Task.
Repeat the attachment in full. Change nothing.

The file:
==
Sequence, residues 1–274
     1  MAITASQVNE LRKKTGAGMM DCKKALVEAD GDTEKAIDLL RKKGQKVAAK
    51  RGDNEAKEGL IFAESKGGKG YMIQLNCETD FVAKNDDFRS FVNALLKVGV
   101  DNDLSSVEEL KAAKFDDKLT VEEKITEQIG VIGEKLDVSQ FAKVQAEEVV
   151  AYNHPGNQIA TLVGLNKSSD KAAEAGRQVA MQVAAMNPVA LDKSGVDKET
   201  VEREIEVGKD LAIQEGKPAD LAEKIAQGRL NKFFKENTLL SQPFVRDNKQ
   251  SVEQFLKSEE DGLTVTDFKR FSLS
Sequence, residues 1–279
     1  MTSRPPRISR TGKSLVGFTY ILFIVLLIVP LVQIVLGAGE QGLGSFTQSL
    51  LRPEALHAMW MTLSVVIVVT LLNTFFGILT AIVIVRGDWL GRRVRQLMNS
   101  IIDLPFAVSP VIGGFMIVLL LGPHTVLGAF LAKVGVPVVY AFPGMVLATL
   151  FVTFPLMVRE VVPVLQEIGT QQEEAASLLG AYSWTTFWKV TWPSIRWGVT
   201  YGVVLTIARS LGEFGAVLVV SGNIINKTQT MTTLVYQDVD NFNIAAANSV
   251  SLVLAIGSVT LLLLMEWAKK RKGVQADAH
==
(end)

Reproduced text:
Sequence, residues 1–274
     1  MAITASQVNE LRKKTGAGMM DCKKALVEAD GDTEKAIDLL RKKGQKVAAK
    51  RGDNEAKEGL IFAESKGGKG YMIQLNCETD FVAKNDDFRS FVNALLKVGV
   101  DNDLSSVEEL KAAKFDDKLT VEEKITEQIG VIGEKLDVSQ FAKVQAEEVV
   151  AYNHPGNQIA TLVGLNKSSD KAAEAGRQVA MQVAAMNPVA LDKSGVDKET
   201  VEREIEVGKD LAIQEGKPAD LAEKIAQGRL NKFFKENTLL SQPFVRDNKQ
   251  SVEQFLKSEE DGLTVTDFKR FSLS
Sequence, residues 1–279
     1  MTSRPPRISR TGKSLVGFTY ILFIVLLIVP LVQIVLGAGE QGLGSFTQSL
    51  LRPEALHAMW MTLSVVIVVT LLNTFFGILT AIVIVRGDWL GRRVRQLMNS
   101  IIDLPFAVSP VIGGFMIVLL LGPHTVLGAF LAKVGVPVVY AFPGMVLATL
   151  FVTFPLMVRE VVPVLQEIGT QQEEAASLLG AYSWTTFWKV TWPSIRWGVT
   201  YGVVLTIARS LGEFGAVLVV SGNIINKTQT MTTLVYQDVD NFNIAAANSV
   251  SLVLAIGSVT LLLLMEWAKK RKGVQADAH